For me, although I do miss the holiday greenery, I always look forward to celebrating another year with friends at the IndyBar holiday party. It’s a part of my December tradition. Lots of great lawyers, great people, and a great time. That is something you can count on.•

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  1. Applause, applause, applause ..... but, is this duty to serve the constitutional order not much more incumbent upon the State, whose only aim is to be pure and unadulterated justice, than defense counsel, who is also charged with gaining a result for a client? I agree both are responsible, but it seems to me that the government attorneys bear a burden much heavier than defense counsel .... "“I note, much as we did in Mechling v. State, 16 N.E.3d 1015 (Ind. Ct. App. 2014), trans. denied, that the attorneys representing the State and the defendant are both officers of the court and have a responsibility to correct any obvious errors at the time they are committed."

  2. Do I have to hire an attorney to get co-guardianship of my brother? My father has guardianship and my older sister was his co-guardian until this Dec 2014 when she passed and my father was me to go on as the co-guardian, but funds are limit and we need to get this process taken care of quickly as our fathers health isn't the greatest. So please advise me if there is anyway to do this our self or if it requires a lawyer? Thank you

  3. I have been on this program while on parole from 2011-2013. No person should be forced mentally to share private details of their personal life with total strangers. Also giving permission for a mental therapist to report to your parole agent that your not participating in group therapy because you don't have the financial mean to be in the group therapy. I was personally singled out and sent back three times for not having money and also sent back within the six month when you aren't to be sent according to state law. I will work to het this INSOMM's removed from this state. I also had twelve or thirteen parole agents with a fifteen month period. Thanks for your time.

  4. Our nation produces very few jurists of the caliber of Justice DOUGLAS and his peers these days. Here is that great civil libertarian, who recognized government as both a blessing and, when corrupted by ideological interests, a curse: "Once the investigator has only the conscience of government as a guide, the conscience can become ‘ravenous,’ as Cromwell, bent on destroying Thomas More, said in Bolt, A Man For All Seasons (1960), p. 120. The First Amendment mirrors many episodes where men, harried and harassed by government, sought refuge in their conscience, as these lines of Thomas More show: ‘MORE: And when we stand before God, and you are sent to Paradise for doing according to your conscience, *575 and I am damned for not doing according to mine, will you come with me, for fellowship? ‘CRANMER: So those of us whose names are there are damned, Sir Thomas? ‘MORE: I don't know, Your Grace. I have no window to look into another man's conscience. I condemn no one. ‘CRANMER: Then the matter is capable of question? ‘MORE: Certainly. ‘CRANMER: But that you owe obedience to your King is not capable of question. So weigh a doubt against a certainty—and sign. ‘MORE: Some men think the Earth is round, others think it flat; it is a matter capable of question. But if it is flat, will the King's command make it round? And if it is round, will the King's command flatten it? No, I will not sign.’ Id., pp. 132—133. DOUGLAS THEN WROTE: Where government is the Big Brother,11 privacy gives way to surveillance. **909 But our commitment is otherwise. *576 By the First Amendment we have staked our security on freedom to promote a multiplicity of ideas, to associate at will with kindred spirits, and to defy governmental intrusion into these precincts" Gibson v. Florida Legislative Investigation Comm., 372 U.S. 539, 574-76, 83 S. Ct. 889, 908-09, 9 L. Ed. 2d 929 (1963) Mr. Justice DOUGLAS, concurring. I write: Happy Memorial Day to all -- God please bless our fallen who lived and died to preserve constitutional governance in our wonderful series of Republics. And God open the eyes of those government officials who denounce the constitutions of these Republics by arbitrary actions arising out capricious motives.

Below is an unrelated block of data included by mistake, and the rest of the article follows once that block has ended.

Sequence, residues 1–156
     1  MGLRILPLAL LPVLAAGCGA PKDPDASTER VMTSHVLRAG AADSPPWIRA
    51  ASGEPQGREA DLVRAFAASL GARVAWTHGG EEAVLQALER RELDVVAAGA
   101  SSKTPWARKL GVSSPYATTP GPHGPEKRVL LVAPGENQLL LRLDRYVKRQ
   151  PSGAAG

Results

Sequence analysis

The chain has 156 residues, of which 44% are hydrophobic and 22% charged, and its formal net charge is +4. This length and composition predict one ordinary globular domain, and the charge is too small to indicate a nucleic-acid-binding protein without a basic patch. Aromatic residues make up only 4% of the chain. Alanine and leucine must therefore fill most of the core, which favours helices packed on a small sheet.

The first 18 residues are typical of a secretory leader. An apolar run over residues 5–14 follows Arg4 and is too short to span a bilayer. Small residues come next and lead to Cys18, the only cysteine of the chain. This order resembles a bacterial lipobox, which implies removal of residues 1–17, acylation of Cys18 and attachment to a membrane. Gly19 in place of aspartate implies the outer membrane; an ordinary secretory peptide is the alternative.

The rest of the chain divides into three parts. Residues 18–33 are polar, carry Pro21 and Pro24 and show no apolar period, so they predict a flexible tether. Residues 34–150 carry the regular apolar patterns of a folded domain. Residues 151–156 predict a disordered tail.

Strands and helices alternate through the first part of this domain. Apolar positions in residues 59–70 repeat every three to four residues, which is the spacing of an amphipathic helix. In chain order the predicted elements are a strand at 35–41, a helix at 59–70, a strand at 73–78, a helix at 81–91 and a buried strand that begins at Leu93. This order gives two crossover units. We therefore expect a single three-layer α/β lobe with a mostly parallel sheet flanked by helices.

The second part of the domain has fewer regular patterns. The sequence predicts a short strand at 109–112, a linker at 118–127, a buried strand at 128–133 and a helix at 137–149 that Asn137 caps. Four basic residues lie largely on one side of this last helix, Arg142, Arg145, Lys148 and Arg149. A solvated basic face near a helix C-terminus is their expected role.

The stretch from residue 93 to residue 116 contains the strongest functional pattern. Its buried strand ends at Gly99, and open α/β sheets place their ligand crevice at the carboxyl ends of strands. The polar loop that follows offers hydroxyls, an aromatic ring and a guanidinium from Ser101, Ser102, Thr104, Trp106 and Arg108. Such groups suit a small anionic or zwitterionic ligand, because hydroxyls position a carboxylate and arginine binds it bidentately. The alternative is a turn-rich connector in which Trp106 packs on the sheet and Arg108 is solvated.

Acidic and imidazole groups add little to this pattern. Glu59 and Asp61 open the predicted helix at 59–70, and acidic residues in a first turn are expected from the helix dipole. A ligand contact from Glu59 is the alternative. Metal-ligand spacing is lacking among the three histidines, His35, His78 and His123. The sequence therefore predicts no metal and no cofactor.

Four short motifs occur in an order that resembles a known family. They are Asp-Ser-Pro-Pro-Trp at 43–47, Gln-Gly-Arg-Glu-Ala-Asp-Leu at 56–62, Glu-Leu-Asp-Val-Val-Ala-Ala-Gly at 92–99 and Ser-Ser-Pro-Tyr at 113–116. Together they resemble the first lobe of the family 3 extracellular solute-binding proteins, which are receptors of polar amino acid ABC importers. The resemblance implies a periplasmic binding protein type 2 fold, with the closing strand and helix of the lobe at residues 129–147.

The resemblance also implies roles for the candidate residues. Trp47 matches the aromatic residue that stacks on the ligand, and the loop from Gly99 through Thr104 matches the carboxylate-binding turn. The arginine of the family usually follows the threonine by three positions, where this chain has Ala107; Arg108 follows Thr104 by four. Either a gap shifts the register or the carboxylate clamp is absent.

5. From back in the day before secularism got a stranglehold on Hoosier jurists comes this great excerpt via Indiana federal court judge Allan Sharp, dedicated to those many Indiana government attorneys (with whom I have dealt) who count the law as a mere tool, an optional tool that is not to be used when political correctness compels a more acceptable result than merely following the path that the law directs: ALLEN SHARP, District Judge. I. In a scene following a visit by Henry VIII to the home of Sir Thomas More, playwriter Robert Bolt puts the following words into the mouths of his characters: Margaret: Father, that man's bad. MORE: There is no law against that. ROPER: There is! God's law! MORE: Then God can arrest him. ROPER: Sophistication upon sophistication! MORE: No, sheer simplicity. The law, Roper, the law. I know what's legal not what's right. And I'll stick to what's legal. ROPER: Then you set man's law above God's! MORE: No, far below; but let me draw your attention to a fact I'm not God. The currents and eddies of right and wrong, which you find such plain sailing, I can't navigate. I'm no voyager. But in the thickets of law, oh, there I'm a forester. I doubt if there's a man alive who could follow me there, thank God... ALICE: (Exasperated, pointing after Rich) While you talk, he's gone! MORE: And go he should, if he was the Devil himself, until he broke the law! ROPER: So now you'd give the Devil benefit of law! MORE: Yes. What would you do? Cut a great road through the law to get after the Devil? ROPER: I'd cut down every law in England to do that! MORE: (Roused and excited) Oh? (Advances on Roper) And when the last law was down, and the Devil turned round on you where would you hide, Roper, the laws being flat? (He leaves *1257 him) This country's planted thick with laws from coast to coast man's laws, not God's and if you cut them down and you're just the man to do it d'you really think you would stand upright in the winds that would blow then? (Quietly) Yes, I'd give the Devil benefit of law, for my own safety's sake. ROPER: I have long suspected this; this is the golden calf; the law's your god. MORE: (Wearily) Oh, Roper, you're a fool, God's my god... (Rather bitterly) But I find him rather too (Very bitterly) subtle... I don't know where he is nor what he wants. ROPER: My God wants service, to the end and unremitting; nothing else! MORE: (Dryly) Are you sure that's God! He sounds like Moloch. But indeed it may be God And whoever hunts for me, Roper, God or Devil, will find me hiding in the thickets of the law! And I'll hide my daughter with me! Not hoist her up the mainmast of your seagoing principles! They put about too nimbly! (Exit More. They all look after him). Pgs. 65-67, A MAN FOR ALL SEASONS A Play in Two Acts, Robert Bolt, Random House, New York, 1960. Linley E. Pearson, Atty. Gen. of Indiana, Indianapolis, for defendants. Childs v. Duckworth, 509 F. Supp. 1254, 1256 (N.D. Ind. 1981) aff'd, 705 F.2d 915 (7th Cir. 1983)